Taking a cue from investment guru Warren Buffet, Google's founders set a high opening share price for their upcoming initial public offering of Google stock. With class A shares expected to run between $108 and $135 a share, Google made it clear that they are looking for long-term investors rather than speculators hoping to turn a quick profit on a few shares.
High stock prices are more likely to limit purchases by speculators, who often buy large quantities of stock at $10 or $15 a share and resell it at a profit of a few dollars per share. The higher commissions that accompany a stock priced in Google's range tend to limit the profitability of speculation and leave the shares available for more serious long-term investors to purchase.
The high initial price surprised many would be investors who had hoped to have a chance to buy into Google via the company's unorthodox planned dutch auction of shares. Of the thousands of public companies that trade more than 10,000 shares a day, only about a dozen have prices above $100 a share. Additionally, Google's IPO will only place about 10% of the company’s shares in the hands of the public.
The move has left many wondering if the often hyped Google IPO has been pushed past the point of reason. The announced stock price puts the company's valuation at around $36 billion, just shy of Yahoo!'s current $37.8 billion valuation. Many investors are wondering if Google, whose business revolves mostly around search and search related advertising dollars, can fairly be valued as highly as Yahoo!, which offers a variety of subscription based services on tops of its search and advertising offerings. Google's valuation based on the expected IPO stock prices is even higher than long-term stalwarts like Ford and McDonalds.
Scott Kessler, an equity analyst with Standard & Poor's pointed out the risks of the high IPO price to CNN Money, "There's not as much unbridled excitement about the offering now. A lot of technology and Internet stocks don't look nearly as appealing as they did in April, May or June." In other words, Google may not receive the warm Wall Street welcome that they've been expecting. Still, Kessler went on to state that "...this company could easily grow revenues, say 50 percent over the next three to five years. In terms of large quality Internet companies, not many if any at all are growing at that rate."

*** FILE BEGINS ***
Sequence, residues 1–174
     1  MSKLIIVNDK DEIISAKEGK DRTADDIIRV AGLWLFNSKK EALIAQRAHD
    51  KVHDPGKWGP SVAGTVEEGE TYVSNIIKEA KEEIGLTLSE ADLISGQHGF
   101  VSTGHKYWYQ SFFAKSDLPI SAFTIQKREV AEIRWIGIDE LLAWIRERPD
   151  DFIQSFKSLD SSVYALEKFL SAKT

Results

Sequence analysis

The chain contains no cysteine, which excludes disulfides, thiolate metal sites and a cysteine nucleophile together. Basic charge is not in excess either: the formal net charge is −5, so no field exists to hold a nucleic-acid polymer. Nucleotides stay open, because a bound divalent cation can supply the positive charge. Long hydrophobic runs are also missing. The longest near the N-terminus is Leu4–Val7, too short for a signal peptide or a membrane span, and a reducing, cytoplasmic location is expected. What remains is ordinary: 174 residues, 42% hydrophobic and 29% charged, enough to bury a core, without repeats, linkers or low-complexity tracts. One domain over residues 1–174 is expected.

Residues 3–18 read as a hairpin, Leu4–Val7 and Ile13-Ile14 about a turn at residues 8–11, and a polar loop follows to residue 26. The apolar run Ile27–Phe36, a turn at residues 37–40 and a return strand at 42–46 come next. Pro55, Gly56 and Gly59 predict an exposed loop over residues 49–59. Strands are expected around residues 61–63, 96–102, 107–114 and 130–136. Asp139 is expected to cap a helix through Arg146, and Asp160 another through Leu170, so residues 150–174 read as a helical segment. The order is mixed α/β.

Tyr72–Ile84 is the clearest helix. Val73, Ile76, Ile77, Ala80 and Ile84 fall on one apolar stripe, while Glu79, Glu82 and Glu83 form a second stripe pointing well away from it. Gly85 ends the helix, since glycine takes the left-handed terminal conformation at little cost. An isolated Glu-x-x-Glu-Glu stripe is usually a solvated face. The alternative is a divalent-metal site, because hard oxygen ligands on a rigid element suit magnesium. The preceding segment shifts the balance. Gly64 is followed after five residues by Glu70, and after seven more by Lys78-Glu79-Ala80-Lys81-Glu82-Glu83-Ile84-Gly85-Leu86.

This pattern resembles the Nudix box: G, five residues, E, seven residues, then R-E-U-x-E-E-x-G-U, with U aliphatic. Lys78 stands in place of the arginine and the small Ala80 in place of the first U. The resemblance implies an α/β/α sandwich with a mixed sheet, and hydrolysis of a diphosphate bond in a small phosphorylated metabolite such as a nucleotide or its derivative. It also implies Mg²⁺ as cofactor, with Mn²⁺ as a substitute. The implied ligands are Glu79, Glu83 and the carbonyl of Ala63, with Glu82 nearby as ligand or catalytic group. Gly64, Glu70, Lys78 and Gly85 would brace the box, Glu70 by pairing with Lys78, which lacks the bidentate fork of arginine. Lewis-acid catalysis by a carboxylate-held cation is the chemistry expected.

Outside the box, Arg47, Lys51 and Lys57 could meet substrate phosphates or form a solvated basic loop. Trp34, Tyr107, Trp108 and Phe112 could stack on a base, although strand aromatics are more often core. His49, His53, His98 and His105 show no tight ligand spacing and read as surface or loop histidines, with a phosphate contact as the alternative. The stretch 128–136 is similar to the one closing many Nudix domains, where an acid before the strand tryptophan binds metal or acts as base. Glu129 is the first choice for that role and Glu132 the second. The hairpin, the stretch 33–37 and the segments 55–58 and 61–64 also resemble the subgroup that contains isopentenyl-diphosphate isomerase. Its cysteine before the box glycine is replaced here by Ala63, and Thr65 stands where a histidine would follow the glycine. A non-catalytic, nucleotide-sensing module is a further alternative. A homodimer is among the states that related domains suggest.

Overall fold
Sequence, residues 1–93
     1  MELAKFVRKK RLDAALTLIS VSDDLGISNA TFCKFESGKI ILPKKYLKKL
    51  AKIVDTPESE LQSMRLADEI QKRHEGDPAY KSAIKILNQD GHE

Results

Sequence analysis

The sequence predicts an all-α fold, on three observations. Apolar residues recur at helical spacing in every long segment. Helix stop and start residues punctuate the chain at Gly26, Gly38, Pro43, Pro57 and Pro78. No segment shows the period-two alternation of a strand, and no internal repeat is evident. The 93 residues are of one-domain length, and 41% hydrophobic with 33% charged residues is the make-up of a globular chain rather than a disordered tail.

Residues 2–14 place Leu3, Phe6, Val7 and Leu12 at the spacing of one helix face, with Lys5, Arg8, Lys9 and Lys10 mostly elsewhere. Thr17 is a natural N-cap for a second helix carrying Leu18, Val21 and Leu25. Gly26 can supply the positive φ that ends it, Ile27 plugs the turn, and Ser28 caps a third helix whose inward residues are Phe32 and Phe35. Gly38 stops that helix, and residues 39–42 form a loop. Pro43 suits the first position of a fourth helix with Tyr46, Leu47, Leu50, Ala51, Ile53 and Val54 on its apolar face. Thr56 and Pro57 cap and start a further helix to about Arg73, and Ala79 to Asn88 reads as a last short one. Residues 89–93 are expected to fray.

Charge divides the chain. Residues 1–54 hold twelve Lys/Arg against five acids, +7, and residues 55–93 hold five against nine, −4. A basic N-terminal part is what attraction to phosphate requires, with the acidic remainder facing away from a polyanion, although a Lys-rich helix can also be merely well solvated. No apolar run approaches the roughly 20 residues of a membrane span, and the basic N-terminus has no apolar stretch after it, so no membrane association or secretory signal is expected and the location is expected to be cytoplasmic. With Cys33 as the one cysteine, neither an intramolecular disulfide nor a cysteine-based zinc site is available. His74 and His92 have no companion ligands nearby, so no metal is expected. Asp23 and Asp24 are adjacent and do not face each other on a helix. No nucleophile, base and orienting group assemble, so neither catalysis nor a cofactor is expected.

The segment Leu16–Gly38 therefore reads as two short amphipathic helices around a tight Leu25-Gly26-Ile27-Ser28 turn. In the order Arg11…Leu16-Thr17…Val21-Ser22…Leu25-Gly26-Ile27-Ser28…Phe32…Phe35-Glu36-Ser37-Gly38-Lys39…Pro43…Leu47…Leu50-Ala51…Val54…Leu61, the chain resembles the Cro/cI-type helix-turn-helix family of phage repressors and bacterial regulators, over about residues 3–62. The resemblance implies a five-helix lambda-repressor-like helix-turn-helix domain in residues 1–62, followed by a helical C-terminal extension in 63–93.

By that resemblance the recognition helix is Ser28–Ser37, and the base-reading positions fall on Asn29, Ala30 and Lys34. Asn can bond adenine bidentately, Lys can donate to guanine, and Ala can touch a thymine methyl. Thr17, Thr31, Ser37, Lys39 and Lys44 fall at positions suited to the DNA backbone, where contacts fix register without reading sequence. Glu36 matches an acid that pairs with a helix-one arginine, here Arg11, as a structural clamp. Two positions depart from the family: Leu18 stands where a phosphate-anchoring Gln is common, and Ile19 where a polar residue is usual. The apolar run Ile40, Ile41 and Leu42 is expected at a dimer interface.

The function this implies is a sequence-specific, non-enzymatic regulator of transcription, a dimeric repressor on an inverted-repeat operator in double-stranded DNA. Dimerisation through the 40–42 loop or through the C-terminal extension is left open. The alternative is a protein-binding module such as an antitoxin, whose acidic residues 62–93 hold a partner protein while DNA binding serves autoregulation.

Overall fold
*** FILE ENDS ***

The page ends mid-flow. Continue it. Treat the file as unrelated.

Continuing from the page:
Google will trade on the Nasdaq under the symbol "GOOG," though an exact date for the IPO has not yet been set. The unconventional company plans to distribute shares via a public auction that would provide the general public with a chance to purchase shares before they begin trading. Google has stated that they hope to begin trading in August.
A copy of Google's prospectus is available by contacting:
Morgan Stanley & Co. Incorporated
New York, NY 10036
Credit Suisse First Boston LLC
One Madison Avenue
New York, NY 10010
July 26, 2004
Jennifer Laycock is the Editor of Search Engine Guide, the Social Media Faculty Chair for MarketMotive and offers small business social media strategy & consulting. Jennifer enjoys the challenge of finding unique and creative ways to connect with consumers without spending a fortune in marketing dollars. Though she now prefers to work with small businesses, Jenniferâ€™s clients have included companies like Verizon, American Greetings and Highlights for Children.
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